In a practice center, the basic practice is to use the breath and the steps to bring us back to the present moment. For example, when you listen to a bell you stop all your thinking and speaking and you come back to your breath. You breathe and you bring the mind back to the body, you are truly present in the present moment. In our daily life there are a lot of times our bodies are here but our mind is wandering in the past and the future. Our minds are not truly present in the body and we’re not present for ourselves. How can we be present for our loved ones, for our wives and husbands? These practices are very practical and clear, and they're not difficult if we have the chance to begin.
I would like to leave the rest of the time so that you can pose questions related to the topic that we discussed today. Thank you for listening.
Question: Bringing Buddhism to the West
Man from audience: First, I’m very surprised when your disciples still keep their religion. For example, if they are priests or pastors or ministers, do they keep their religion? Second, I know that besides being a monk, you are also a scholar. I have read a few of your writings, and I see that you have done work to spread and explain Vietnamese Buddhism to the world, just like Master Van Hanh.* How have you contributed to the development of Vietnamese Buddhism as a scholar?
Thay: Back when Christian missionaries came to Vietnam, they often tried to convert the Vietnamese people and force them to give up their tradition to embrace the new religion. This caused a lot of suffering.
When we had boat people dwelling in refugee camps in Thailand or in other countries, there were also missionaries. They wanted to help those boat people and also tried to lure them to follow their religions. It’s a great pity to force somebody to lose their roots. That is why when we bring Buddhism to Westerners, we tell them, “Do not give up your religion; you can study Buddhist practices to help you take care of your difficulties of body and mind and to learn great love and compassion. You do not have to lose your root religion, because we don’t think that’s the best way.”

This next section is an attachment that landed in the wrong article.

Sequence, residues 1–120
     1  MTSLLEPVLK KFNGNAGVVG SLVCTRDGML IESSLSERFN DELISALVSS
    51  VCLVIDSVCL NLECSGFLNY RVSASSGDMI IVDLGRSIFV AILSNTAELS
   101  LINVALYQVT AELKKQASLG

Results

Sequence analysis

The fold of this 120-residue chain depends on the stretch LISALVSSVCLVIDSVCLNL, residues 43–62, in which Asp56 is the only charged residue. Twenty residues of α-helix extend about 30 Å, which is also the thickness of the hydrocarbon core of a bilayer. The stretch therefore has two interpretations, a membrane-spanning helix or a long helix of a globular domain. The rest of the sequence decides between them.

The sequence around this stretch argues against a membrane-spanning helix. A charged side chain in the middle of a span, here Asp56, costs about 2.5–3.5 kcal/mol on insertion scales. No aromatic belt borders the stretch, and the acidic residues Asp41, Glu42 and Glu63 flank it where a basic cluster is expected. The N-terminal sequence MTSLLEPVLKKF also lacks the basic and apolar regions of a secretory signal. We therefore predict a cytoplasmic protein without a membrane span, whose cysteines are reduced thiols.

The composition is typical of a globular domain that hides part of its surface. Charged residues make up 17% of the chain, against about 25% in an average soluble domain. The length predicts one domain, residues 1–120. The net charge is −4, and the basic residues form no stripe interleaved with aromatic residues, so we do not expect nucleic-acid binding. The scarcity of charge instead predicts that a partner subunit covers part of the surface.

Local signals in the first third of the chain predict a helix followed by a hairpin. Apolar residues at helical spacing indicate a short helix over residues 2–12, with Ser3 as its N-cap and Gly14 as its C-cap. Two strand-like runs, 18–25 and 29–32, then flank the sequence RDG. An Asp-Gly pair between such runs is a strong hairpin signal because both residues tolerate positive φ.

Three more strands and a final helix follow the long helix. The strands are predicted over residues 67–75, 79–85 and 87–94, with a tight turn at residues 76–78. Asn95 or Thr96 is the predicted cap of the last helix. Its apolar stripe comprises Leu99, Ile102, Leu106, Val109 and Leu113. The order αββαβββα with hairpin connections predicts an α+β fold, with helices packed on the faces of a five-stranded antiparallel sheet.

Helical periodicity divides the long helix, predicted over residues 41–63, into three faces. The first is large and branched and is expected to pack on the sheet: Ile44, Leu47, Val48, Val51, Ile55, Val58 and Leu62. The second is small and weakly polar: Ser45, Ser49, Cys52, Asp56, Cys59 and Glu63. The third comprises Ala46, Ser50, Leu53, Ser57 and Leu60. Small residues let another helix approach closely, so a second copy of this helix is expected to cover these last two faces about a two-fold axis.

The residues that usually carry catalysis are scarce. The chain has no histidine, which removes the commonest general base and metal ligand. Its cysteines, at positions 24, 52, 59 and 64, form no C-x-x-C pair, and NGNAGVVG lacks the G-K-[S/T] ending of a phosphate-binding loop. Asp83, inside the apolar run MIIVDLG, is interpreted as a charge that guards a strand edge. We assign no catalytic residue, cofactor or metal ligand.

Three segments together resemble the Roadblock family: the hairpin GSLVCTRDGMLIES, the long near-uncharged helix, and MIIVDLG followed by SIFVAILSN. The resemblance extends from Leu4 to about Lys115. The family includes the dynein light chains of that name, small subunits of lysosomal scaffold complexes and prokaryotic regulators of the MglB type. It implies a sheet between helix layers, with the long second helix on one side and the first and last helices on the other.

In the West, there is a great number of young people who leave their Christian religion because that tradition does not provide the practices that people need today. A lot of people give up their religion and many of them come to practice with us. I have told them, “Once you practice with us, you can go back to help renew your own tradition and religion.” If a country does not have a spiritual foundation, that nation will not endure. So the Westerners see that Buddhism is very inclusive, accepting all and embracing all without denying other traditions.
In Buddhism, we call that spirit of inclusiveness equanimity or non-discrimination. It means that we embrace all. If we say that you have to leave your religion so that you can take refuge in the Three Jewels — that’s not very Buddhist. Buddhism is very open. That is why we have been able to help the pastors and ministers. In their hearts they still love their religion, but they practice wholeheartedly because in Buddhism we have very concrete practices to help them take care of their tension and stress, and help them to help people. If we hold that only our religion has the right view, and other religions do not have absolute truth, this will cause war. Buddhism does not do that.
When we organize retreats or have public talks in the West, many thousands of people come to listen to me, but they’re not Buddhists. Most of them come from a Christian or Jewish background. Sometimes I give a teaching in a church and more people come than at Christmas time, because they see that Buddhism is very noble, very open. It is inclusive and non-discriminative. Moreover, now scientists find inspiration in Buddhism because they see interdependence and emptiness; these teachings attract a lot of scientists to Buddhism.